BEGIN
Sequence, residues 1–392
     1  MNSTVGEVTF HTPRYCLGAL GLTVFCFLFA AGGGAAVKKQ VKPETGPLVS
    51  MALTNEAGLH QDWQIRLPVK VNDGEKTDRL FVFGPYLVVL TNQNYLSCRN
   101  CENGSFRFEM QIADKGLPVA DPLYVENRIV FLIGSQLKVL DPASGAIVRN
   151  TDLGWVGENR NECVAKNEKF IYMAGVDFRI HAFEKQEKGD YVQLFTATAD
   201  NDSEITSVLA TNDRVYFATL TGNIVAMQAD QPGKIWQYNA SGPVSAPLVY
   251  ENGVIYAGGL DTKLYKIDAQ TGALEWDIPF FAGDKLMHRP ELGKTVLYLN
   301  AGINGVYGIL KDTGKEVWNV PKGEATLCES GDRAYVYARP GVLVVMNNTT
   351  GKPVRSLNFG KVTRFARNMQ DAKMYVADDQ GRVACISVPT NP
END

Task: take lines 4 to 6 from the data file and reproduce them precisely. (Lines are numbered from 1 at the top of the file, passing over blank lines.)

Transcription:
   101  CENGSFRFEM QIADKGLPVA DPLYVENRIV FLIGSQLKVL DPASGAIVRN
   151  TDLGWVGENR NECVAKNEKF IYMAGVDFRI HAFEKQEKGD YVQLFTATAD
   201  NDSEITSVLA TNDRVYFATL TGNIVAMQAD QPGKIWQYNA SGPVSAPLVY